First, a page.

Anoosheh Ashoori says he ‘will not be quiet’ until other dual nationals in Iranian prisons are free

For a man who spent five years in prison for a crime he didn’t commit, Anoosheh Ashoori laughs a lot.

Snatched off the streets of Iran while visiting his sick mother in 2017, the British-Iranian father was interrogated and held in Tehran’s notorious Evin prison.

But, last week, almost out of the blue, he and fellow detained dual national Nazanin Zaghari-Ratcliffe were put on a plane and reunited with their families in the UK.

In 2020, his wife Sherry sent me recordings of Anoosheh explaining from prison how his life had turned into a living nightmare.

Anoosheh Ashoori’s voice messages: ‘We are one breath away from death in this circle of hell’

Arriving at their family home in Lewisham, my colleagues have taken over the tidy living room with cameras and lights for Anoosheh’s sit-down interview with political editor Beth Rigby, which you can watch here.

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Anoosheh Ashoori spoke to Sky’s Beth Rigby about his time in jail and his contact with the PM

Two years after Sky published his voice recordings, Anoosheh greets me with a warm handshake. We all fall into easy conversation about how surreal the situation is and how today’s filming will work.

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It is his first TV interview and he is understandably nervous. After some reassurance, he seems to pause, then laughs and jokes: “Well, this won’t be an interrogation.”

This dry British humour turns out to be a big part of Anoosheh’s personality; the 67-year-old is remarkably quick to smile and laugh despite what he has been through.

One of his first things he ate on his return to the UK was fried chicken from south London’s much loved Morley’s chain. I asked what else he had.

With relish, he replied instantly: Five Guys burgers. Cool refreshing beer. The very first thing he ate? A full English breakfast, with extra bacon.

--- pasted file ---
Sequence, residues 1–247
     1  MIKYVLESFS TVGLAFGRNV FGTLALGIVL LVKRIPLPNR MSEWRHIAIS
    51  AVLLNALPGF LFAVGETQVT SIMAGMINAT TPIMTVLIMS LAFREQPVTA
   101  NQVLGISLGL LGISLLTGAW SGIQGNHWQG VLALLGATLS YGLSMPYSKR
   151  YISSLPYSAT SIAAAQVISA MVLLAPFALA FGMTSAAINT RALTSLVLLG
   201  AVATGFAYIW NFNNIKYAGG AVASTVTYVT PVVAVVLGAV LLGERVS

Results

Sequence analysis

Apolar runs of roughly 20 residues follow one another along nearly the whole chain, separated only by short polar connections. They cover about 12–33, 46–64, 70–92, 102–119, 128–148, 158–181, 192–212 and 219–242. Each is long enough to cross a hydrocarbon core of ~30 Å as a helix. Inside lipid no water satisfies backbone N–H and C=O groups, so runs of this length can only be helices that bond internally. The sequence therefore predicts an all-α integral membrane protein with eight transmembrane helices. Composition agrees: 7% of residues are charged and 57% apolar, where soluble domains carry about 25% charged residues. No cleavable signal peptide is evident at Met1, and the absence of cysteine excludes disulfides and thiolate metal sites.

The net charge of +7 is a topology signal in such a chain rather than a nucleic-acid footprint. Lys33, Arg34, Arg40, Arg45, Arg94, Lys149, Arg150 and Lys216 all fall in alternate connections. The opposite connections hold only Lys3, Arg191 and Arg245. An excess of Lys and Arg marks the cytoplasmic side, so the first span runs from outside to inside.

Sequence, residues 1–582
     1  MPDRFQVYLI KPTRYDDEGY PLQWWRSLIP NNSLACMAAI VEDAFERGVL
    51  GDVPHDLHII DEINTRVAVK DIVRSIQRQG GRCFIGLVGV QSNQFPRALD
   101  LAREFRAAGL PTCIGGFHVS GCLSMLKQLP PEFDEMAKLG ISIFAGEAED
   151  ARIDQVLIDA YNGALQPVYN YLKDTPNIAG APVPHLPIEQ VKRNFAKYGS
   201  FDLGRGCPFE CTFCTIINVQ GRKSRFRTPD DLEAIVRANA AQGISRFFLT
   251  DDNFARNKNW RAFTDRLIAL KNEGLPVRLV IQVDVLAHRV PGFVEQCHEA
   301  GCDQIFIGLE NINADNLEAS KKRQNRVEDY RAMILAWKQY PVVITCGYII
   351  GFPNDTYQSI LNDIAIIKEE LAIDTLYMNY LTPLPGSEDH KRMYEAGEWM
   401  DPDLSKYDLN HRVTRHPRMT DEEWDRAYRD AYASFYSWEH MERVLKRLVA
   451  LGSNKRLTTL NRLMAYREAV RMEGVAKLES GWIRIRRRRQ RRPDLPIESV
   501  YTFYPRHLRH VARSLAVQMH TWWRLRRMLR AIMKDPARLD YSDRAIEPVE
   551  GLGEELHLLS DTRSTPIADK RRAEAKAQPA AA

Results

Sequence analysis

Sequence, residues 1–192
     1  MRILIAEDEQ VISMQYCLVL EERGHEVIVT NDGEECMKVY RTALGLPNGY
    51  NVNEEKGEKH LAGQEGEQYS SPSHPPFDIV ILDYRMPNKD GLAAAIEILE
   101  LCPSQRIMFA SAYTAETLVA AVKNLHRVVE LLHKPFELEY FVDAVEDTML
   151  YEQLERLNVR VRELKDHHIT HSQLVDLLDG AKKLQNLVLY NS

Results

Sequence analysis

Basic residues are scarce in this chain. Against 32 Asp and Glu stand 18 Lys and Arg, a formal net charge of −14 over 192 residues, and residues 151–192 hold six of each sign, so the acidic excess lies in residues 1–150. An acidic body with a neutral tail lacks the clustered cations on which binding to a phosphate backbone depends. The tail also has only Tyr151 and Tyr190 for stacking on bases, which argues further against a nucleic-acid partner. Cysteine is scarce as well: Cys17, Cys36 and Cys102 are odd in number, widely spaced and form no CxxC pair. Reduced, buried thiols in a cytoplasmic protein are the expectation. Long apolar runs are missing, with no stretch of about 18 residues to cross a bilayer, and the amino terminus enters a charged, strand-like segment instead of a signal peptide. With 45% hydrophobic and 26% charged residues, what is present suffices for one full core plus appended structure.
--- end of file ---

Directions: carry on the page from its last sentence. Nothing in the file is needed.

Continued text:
He’s already begun to unpack and explains he left almost everything he had to his fellow inmates. So what did he save? What does a person bring back from, in his words, “hell”?

He dashes off and returns with a detailed woodcarving he made in prison. Anoosheh, a retired engineer, is a man of science – and apparently science fiction. He’s a Star Trek fan and the work he holds up is his own hand sculpted in the Vulcan fashion. It’s captioned with a fittingly hopeful slogan: ‘Live long and prosper’.

He explains while others in the workshop made religious works, he made wooden portraits of British icons like Charles Darwin and David Attenborough.

But it turns out Anoosheh is also a hopeless romantic. Among the carvings is one for his wife – it’s two cats with their tails entwined, hearts surrounding them.

‘A debt, not a ransom’

When the interview begins, Anoosheh relives the moment he was taken to an interrogation room and accused of spying for Israel, a country he has never visited. It didn’t make sense to him.

“It took quite a while for me to discover why I was there. It was revealed that it was the debt,” he says.

The UK has owed Iran a £400m debt dating back 40 years. After it was paid last week, Anoosheh and Nazanin were freed.

“That was not a ransom, that was a debt that the British government owed and it should have been paid. And if it had been paid, none of this would have happened,” he says.

Nazanin has said she feels it was wrong it took six years and five foreign secretaries to secure their freedom, something Anoosheh says he agrees “a hundred per cent” with her on.

He feels strongly the civil servants “did their jobs fantastically” but he is disappointed in Britain’s leaders, including the prime minster.

Anoosheh made a direct plea to Boris Johnson in one of the voice notes Sky News published two years ago, something Anoosheh says he faced punishment for.

“I risked my safety but I managed to convey that message to him.

“Unfortunately he did not expend even five minutes to give a telephone call to my family.”